- Collaborating with internal and external partners to ensure current and future campaigns, services, and activities are inclusive and accessible
- Increasing awareness of CSA within the City of Guelph
- Collecting 17,350 lbs of food for the Guelph Food Bank through Trick-or-Eat campaign
- Providing a Lock4Lock campaign, where community members were abel to trade their old chain locks for a more secure U-Lock
- Raising awareness of sexual violence and prevention
- Providing community members with a safe and reliable escort to their destination after dark
More often our community needs to recognize the great partnership with have with the CSA. Thanks to the CSA for your advocacy work that benefits all of our residents!
In photo from right to left:
Jay Rojas, Local Affairs Commissioner; Zoey Ross, Communications & Corporate Affairs Commissioner; Meghan Wing, Academic & University Affairs Commissioner; Ryan Shoot, Finance & Operations Commissioner; Emily Vance, External Affairs Commissioner.
Today is a fitting day to honour one of Guelph’s most celebrated hometown heroes — Lt. Col. John McCrae, physician, soldier, artist, scholar and poet. As we honour our veterans across the world, the words of McCrae’s poem “In Flanders Fields”echo in the background. The image of the poppy is an international symbol of remembrance as a result of McCrae’s words, written on the back of a battlefield ambulance in 1915.
McCrae was born on Water Street in Ward 5 in 1872, the second son of Col. David McCrae and Janet McCrae. The McCrae family were already well-established in Guelph. John’s grandparents, Thomas and Jane(t) McCrae lived on the outskirts of Guelph at Janefield, a stone farmhouse still standing on College Avenue West. He attended Central Public School and Guelph Collegiate Institute, before heading off to the University of Toronto to pursue post-secondary studies.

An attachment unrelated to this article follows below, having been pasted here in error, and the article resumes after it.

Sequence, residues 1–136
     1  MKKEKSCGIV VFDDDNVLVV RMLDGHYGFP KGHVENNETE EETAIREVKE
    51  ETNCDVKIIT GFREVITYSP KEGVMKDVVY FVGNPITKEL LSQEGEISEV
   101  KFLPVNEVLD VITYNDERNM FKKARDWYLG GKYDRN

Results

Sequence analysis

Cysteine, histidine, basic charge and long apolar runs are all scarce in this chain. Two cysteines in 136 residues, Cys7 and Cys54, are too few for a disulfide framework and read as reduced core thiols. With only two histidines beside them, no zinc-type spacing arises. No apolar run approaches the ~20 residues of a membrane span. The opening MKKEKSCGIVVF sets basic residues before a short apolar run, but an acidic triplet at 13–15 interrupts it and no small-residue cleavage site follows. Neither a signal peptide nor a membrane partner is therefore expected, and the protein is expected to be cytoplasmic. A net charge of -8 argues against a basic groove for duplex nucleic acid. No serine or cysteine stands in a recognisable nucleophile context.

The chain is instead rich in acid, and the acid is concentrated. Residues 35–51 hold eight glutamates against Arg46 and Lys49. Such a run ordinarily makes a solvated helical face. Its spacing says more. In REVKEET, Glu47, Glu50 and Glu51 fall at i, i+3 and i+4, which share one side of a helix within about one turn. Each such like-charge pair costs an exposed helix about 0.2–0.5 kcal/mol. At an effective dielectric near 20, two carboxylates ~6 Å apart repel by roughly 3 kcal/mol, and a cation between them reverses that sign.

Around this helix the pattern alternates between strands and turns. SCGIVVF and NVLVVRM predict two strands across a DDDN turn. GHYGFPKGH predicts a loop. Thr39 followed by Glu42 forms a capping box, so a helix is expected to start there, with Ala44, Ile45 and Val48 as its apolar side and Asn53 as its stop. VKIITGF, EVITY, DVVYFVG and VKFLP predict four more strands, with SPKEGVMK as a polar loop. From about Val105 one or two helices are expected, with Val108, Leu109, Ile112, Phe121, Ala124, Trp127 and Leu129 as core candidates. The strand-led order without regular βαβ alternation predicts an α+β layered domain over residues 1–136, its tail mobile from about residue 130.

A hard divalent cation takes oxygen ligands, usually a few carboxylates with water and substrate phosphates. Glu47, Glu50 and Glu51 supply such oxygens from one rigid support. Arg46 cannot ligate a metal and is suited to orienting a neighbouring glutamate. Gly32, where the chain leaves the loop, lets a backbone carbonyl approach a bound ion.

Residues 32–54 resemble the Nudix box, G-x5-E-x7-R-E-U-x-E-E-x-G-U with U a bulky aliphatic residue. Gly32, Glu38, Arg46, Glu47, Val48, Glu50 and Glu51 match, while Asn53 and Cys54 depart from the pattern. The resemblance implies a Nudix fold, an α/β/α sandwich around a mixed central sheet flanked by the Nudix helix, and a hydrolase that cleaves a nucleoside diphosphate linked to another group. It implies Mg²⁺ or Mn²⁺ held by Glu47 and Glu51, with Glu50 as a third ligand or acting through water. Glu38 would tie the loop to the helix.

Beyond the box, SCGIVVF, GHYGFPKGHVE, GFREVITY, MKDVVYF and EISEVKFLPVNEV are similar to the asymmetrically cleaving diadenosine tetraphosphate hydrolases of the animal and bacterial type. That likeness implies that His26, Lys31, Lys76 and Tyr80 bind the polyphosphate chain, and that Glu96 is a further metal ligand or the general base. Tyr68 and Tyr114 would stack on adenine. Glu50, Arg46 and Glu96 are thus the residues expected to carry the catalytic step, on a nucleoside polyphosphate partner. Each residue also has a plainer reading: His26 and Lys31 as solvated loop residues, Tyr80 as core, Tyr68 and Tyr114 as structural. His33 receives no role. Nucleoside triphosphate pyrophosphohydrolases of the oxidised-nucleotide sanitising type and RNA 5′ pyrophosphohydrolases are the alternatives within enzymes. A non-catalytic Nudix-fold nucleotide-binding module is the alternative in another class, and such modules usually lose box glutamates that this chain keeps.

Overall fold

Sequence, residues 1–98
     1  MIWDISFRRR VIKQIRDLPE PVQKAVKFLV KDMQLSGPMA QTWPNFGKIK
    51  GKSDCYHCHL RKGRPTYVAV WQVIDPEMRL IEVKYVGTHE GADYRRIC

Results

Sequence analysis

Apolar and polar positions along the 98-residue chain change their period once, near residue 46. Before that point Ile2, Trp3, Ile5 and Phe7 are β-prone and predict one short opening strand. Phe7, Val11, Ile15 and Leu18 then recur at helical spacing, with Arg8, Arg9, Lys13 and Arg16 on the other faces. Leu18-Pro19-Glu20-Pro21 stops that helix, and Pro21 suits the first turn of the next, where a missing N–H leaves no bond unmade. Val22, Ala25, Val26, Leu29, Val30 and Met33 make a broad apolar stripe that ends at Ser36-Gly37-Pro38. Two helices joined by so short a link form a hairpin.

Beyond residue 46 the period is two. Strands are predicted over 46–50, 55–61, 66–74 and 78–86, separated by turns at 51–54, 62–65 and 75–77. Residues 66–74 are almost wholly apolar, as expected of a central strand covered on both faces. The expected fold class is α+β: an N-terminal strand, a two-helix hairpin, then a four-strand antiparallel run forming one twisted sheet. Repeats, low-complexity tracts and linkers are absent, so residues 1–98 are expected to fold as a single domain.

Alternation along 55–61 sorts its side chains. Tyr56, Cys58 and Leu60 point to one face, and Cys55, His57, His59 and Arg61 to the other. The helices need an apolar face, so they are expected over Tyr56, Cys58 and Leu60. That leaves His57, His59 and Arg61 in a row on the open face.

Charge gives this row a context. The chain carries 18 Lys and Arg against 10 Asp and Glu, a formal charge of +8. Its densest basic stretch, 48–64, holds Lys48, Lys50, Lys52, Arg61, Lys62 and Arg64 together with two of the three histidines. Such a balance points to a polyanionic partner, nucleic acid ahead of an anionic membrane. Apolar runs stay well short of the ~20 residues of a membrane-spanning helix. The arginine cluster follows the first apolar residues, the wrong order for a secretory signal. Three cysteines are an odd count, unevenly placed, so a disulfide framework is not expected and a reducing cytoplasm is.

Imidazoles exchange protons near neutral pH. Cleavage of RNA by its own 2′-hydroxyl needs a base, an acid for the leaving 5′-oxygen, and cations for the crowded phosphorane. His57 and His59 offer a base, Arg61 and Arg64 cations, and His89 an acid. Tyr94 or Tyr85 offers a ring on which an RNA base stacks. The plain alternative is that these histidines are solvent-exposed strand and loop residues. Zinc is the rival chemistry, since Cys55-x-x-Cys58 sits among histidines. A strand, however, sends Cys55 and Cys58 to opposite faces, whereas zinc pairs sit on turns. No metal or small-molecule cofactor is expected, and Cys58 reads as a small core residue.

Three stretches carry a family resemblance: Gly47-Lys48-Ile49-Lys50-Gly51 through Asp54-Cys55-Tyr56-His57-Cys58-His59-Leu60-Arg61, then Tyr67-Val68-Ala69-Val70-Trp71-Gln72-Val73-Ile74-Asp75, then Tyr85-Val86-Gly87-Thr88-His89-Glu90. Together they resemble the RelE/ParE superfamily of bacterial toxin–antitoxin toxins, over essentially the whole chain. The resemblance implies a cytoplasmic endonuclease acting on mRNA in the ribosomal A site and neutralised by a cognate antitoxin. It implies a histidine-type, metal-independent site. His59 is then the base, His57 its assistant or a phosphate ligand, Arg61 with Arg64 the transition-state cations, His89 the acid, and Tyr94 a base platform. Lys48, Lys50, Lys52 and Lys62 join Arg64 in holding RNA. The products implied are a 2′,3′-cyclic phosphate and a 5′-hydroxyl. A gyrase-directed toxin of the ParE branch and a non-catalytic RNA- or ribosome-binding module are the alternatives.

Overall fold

McCrae had a solid military background training with the Guelph 11th Field regiment and served in the artillery during the Second Boer War. During World War 1 he served as a surgeon, and while stationed with the No. 3 Canadian General Hospital in Boulogne, he contracted pneumonia and died January 28, 1918.
McCrae is more than just a Ward 5 hero, he is Canada’s hero and his powerful words remain immortal around the world a century after they were written.
Norah is a longtime community advocate for the environment, social justice, food security and democracy. Wherever these issues are being championed you find Norah working diligently out front and behind the scenes to ensure the effectiveness of the advocacy work on matters close to her heart. As her nominator has said, “What is there to say? Norah has worked so hard on so many different areas of advocacy to make our neighbourhood, city and country a better place.” To name a few, Norah was a founding board member of the Guelph Urban Forest Friends and continues to work with the Wellington Water Watchers and the Council of Canadians-Guelph. Much of her time these days is spent turning the Yorklands Green Hub vision into a reality. You can read about her efforts at yorklanksgreenhub.ca . We would like to thank Norah for her passion, wisdom and commitment to the betterment of our community!
It’s time the Fall General Meeting
Plan to Attend
at Harcourt United Church
on Thursday, Nov 10 at 7 pm
We will be welcoming a guest speaker, Tom Klein Beernink, Manager of Campus Coop Housing.
We will also open the floor for questions to the Exec Committee about issues focused on the neighbourhood.
And there will be the usual Councillors’ Corner where Leanne Piper and Cathy Downer bring us up to date on City matters and respond to questions from the floor.
Come and find out what is happening in your neighbourhood!